<AllowCloseSpawning value="false"/>

  • Hello!
    This is all very interesting information, now my question is, how do you enable YLDs for a specific ped YMT?
    I noticed some peds can't have YLD associated with them such as mp_m_freemode_01

  • Summary and Other non-related file types

    This post was dedicated to peds but GTA5 has many other file types. We reviewed the following files above:

    YTD: The texture dictionary.
    YFT: The fragment object. Fragment is R* terminology for a 3D Model. They also call them Archetypes.
    YDD: The drawable dictionary.
    YMT: Besides the metadata for peds, can also be seen in scenarios
    YLD: The cloth dictionary.

    In addition, just to list a few of the more common ones, we have:

    YDR: a single drawable object (3D model) file, whereas YDD can contain many drawables in one single file (or many YDR files). The YDR file is common in YMAPs and even some vehicles (wheels for example). A YDR may contain a texture dictionary and LODs for the model (up to 4 LODs - level of detail).

    YND: These are path nodes, they define a traffic path for vehicles. They are binary files, not directly viewable.

    YTYP: text file containing a group of MapTypes (Archetypes), each defining where a object will be placed in GTA5 map. Also known as definition entries.

    YMAP: file containing the metadata for the placements of Archetypes, each defining an entity in GTA5. This file is useful to view (it's plain text) if you don't know the location of an MLO or YMAP as it will give you the x, y, z coordinates on the map.

    YBN: bounds file, more commonly referred to as collisions or static collisions. These are used, as an example, to keep you from falling through the floor of an interior. You can view YBN files with OpenIV.

    YMF: These are metadata text files for MLOs (interiors) and YMAPs.

    YCD: These are animation files including poses.

    YNV. These contain nav meshes.

    YSC. These are script resource files.

    AWC. These are audio files.

    BIK. These are video files, for example during loading.

    DLC: Downloadable content.

    RPF: Rage Package Format/File.

    MLO or MiLO. Exact meaning unknown but refers to interiors, especially common with FiveM. Possibly stands for Moveable Interior Loader given they can be moved anywhere (mobile) on the GTA5 map and they load interiors.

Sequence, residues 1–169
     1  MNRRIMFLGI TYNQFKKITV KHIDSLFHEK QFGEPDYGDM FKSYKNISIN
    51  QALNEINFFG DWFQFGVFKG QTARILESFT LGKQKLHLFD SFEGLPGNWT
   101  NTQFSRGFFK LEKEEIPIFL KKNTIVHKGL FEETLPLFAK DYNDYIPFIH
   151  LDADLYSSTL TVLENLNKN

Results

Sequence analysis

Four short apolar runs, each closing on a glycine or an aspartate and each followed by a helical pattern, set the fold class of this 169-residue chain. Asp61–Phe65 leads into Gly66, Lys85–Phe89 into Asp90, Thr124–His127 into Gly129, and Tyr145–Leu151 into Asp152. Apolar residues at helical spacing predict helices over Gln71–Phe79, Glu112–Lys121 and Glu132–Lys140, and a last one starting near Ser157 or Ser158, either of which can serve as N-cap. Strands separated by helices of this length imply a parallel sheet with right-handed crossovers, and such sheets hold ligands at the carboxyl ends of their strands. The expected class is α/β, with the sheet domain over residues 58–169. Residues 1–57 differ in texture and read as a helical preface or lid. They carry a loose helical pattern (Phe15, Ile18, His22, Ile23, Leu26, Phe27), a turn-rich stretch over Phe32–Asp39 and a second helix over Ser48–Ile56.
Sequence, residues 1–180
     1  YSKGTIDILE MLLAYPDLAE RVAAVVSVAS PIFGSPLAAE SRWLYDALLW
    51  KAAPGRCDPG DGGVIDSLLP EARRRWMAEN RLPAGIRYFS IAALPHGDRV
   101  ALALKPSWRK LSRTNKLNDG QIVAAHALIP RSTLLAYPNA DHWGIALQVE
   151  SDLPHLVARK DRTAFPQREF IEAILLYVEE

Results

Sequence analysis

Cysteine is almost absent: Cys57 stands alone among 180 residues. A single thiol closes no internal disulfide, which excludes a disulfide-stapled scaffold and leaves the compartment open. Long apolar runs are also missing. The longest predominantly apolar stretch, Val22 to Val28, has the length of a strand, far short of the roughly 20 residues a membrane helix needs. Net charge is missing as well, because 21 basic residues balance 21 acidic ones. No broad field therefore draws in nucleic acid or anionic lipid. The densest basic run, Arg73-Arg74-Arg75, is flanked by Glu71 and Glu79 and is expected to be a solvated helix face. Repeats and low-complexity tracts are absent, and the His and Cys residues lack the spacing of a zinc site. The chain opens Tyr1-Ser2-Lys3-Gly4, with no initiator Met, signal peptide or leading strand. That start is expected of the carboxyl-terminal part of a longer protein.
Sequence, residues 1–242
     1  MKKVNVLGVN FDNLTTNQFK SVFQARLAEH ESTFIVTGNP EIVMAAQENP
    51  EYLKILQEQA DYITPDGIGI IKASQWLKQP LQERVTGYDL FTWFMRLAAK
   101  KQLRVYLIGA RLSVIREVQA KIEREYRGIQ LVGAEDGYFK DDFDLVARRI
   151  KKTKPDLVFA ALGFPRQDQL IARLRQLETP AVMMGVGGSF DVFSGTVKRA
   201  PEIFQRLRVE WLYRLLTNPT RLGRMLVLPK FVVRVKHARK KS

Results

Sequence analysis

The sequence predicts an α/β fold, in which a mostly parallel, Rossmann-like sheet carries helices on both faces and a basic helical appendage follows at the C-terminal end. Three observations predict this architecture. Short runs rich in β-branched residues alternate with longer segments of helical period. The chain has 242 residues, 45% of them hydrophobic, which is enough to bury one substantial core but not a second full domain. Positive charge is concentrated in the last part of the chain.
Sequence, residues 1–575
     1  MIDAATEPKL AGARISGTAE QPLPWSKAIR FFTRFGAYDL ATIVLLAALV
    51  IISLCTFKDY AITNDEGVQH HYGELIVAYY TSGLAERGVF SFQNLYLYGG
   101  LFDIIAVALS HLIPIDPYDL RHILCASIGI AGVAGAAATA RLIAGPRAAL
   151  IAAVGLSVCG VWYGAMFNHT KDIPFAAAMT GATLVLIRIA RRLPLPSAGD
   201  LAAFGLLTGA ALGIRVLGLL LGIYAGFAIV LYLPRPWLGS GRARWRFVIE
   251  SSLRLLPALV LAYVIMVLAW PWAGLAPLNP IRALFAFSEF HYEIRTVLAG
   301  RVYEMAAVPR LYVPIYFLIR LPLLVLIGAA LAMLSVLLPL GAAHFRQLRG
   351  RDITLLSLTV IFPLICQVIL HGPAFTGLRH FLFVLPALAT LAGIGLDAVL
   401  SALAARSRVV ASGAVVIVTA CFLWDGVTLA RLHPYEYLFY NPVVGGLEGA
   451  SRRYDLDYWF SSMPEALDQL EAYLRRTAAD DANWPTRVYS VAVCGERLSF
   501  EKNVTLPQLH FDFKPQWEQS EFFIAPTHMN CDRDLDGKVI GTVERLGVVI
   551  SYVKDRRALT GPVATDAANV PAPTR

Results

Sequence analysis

• This post is deleted!

  • A new tool, the YMTEditor, has just been introduced in the mods tool section. It looks promising and is a much less confusing approach than navigating through hundreds of cryptic xml with a text editor.

    Props to creator @grzybeek.

  • Some more notes regarding terminology

    Documentation is seriously lacking with respect to modding GTA5 in general. This can be overwhelming and frustrating for new creators or users trying to do their own customization and edits.

    For example when browsing YTD files in OpenIV, what would something like hair_diff_000_a_whi.dds mean?

    Let's break it down using the file g_m_y_korean_01.ytd. Opening this file we would find a texture called hair_diff_000_a_whi.dds. Well actually the whi is replaced with kor as we shall see.

    hair: the 3rd component (numbered 2) or slot which is the ped's hair
    diff: diffuse. A diffuse map is the most common kind of texture map. Others are normal and specular.
    000: identifies the first drawable, second would be 001 etc.
    a: identifies the texture for the drawable, options are from a to z
    kor: suffix for the ped's texture race. whi is white, u would be universal, kor is Korean, etc. Components have a _u suffix for universal or _r for race.
    dds: the image file type, DirectDraw Surface.

    What about ped props? These are defined by the following native function:

    int GET_PED_PROP_INDEX(Ped ped, int componentId) // 0x898CC20EA75BACD8 0x746DDAC0 b323

    If you take a peek with Menyoo or a similar trainer, you will see 5 ped props are used in GTA5:

    Hats (helmets), Glasses, Ear Pieces, Watches, and Bangles. Or, respectively, p_head, p_eyes, p_ears, p_lwrist, p_rwrist. Unless I'm mistaken, R* assumes that watches will always be worn on the left wrist (p_lwrist) while bangles/braclets will be worn on the right (p_rwrist).

    Our ped above has props, in a file called g_m_y_korean_01_p.ytd. Opening that file we would find a texture called p_eyes_diff_000_a.dds, as an example, for glasses.

    Notice the p suffix for the ytd file, and p prefix for the texture dds file.